I don’t intend to bore you as his intervention saved the country the embarrassment of national disgrace as witnessed when Nigeria won the Cup of Nations in South Africa in 2013, as well as the odium in Brazil 2014 World Cup Finals when the players of the national team refused to play on account of unpaid bonuses and allowances.  As a man of his words with deep love for the country and its  soccer, Lulu   honoured Isa Hayatou, the President of the Confederation of African Football (CAF) by  withdrawing his case with  Court of Arbitration for Sports, CAS, in February 2011,  while the NFF’s  Congress decision of  December 28, 2010 to vacate his  impeachment  and withdraw  his  court case,  were not implemented or executed by the NFF  Board. Instead, EFCC was used to detain, arraign and charge him and Amanze Uchegbulam, Taiwo Ogunjobi and Bolaji Ojioba to court.

We therefore wish to bring to the attention of Mr President, that this case requires an urgent re-investigation by EFCC  to unveil the truth .This, Sir, should be treated with utmost speed, to underscore the high level of professionalism under the leadership that has zero tolerance for corruption. The need for an urgent probe becomes more expedient with the revelation by Amaju Pinnik, the current president of the NFF that he not only met an empty treasury but debts which have hampered the smooth running of  the administration of the beautiful game.

President Buhari, has been so unrelenting in addressing cases of injustice and corruption which he inherited from the last government. He is a man set to correct the ills of the society. In line with his commitment to ensuring justice, fairness and equity in the country, he should endeavour  to bring the sad tales surrounding the missing N2.8billion at the NFF  to an end, by instituting a board of inquiry as a matter of urgency. Good enough the wind of change blowing through the nation has seen the EFCC and even the military reviewing cases where injustices seemed to have been done, especially in the last era. It is therefore not too late to revisit the Sani Lulu saga.  The President should also ensure that the EFCC should be made to update the situation, taking into cognizance the popular yearning for justice.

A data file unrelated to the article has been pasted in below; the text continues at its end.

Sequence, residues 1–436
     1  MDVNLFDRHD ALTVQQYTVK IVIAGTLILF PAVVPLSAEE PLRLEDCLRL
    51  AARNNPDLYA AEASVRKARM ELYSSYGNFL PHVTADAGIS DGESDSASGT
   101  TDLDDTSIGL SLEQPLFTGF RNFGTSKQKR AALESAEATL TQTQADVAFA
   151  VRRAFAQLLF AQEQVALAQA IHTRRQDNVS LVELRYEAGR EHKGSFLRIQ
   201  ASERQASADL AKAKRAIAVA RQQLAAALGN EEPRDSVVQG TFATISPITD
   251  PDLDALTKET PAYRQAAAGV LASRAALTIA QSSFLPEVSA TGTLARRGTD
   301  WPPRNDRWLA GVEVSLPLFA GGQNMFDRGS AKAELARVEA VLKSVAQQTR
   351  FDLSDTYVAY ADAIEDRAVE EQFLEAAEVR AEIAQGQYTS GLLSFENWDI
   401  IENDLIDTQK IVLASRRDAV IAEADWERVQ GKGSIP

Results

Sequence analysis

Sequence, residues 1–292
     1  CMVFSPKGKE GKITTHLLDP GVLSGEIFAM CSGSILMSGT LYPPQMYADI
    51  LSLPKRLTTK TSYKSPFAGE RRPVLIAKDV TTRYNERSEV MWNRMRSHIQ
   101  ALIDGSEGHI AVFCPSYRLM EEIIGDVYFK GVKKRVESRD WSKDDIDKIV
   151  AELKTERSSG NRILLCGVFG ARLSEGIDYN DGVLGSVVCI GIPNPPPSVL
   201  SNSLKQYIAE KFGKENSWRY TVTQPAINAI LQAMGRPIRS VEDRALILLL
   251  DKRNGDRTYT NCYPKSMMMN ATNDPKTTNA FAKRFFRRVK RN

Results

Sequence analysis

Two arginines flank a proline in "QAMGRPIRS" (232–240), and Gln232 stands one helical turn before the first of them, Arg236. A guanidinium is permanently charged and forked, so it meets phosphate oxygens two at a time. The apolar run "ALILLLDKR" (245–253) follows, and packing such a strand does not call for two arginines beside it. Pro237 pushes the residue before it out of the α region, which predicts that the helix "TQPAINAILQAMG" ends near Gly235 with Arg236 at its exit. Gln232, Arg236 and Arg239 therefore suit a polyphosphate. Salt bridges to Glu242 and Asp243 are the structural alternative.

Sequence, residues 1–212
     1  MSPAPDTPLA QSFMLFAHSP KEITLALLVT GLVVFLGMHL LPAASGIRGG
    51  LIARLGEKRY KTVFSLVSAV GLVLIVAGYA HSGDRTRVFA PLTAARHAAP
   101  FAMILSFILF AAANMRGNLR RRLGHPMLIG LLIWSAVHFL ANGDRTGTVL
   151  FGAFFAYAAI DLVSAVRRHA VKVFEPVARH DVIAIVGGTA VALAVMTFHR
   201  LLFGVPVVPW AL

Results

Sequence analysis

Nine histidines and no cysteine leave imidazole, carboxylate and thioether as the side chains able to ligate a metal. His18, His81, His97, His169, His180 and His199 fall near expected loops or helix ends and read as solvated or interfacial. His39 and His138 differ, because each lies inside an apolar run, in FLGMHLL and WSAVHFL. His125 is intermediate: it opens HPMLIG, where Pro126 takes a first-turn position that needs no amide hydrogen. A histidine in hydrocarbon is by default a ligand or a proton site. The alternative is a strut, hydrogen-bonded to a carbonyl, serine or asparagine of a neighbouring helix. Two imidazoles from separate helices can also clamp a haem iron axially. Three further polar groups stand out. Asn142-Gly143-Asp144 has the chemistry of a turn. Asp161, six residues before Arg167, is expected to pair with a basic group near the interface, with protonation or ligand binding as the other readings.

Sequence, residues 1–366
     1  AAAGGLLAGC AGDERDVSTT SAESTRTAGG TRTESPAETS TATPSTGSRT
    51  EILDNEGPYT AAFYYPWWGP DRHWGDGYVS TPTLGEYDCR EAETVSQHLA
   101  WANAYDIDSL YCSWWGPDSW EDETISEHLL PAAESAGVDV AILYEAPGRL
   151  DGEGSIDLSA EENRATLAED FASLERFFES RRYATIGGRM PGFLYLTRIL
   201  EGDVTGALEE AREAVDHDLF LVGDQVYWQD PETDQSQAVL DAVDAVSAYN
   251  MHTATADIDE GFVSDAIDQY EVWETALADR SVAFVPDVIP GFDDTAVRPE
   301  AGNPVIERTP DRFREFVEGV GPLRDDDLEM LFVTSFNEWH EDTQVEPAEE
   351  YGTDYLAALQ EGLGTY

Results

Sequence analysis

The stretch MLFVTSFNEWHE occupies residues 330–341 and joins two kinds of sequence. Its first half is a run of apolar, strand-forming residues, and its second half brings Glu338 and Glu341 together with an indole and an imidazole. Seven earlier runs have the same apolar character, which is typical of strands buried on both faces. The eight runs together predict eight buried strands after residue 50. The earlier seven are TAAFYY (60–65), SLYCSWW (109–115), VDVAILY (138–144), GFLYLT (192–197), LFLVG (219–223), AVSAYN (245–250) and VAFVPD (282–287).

Of course the Presidential Task Force (PTF) led by Chief Rotimi Amaechi, the immediate-past governor of Rivers State  should be made to publicly account for the more than N1Billion  it realized, particularly as it relates to the approved additional $5,000 winning bonuses for the Super Eagles’ players.

Finally, Sani Lulu Abdullahi, Amanze Uchegbulam and Taiwo Ogunjobi, if confirmed innocent by the court of law should be compensated and recognized as ambassadors for anti-corruption crusade.

Orwuse is a Makurdi-based sports analyst and commentator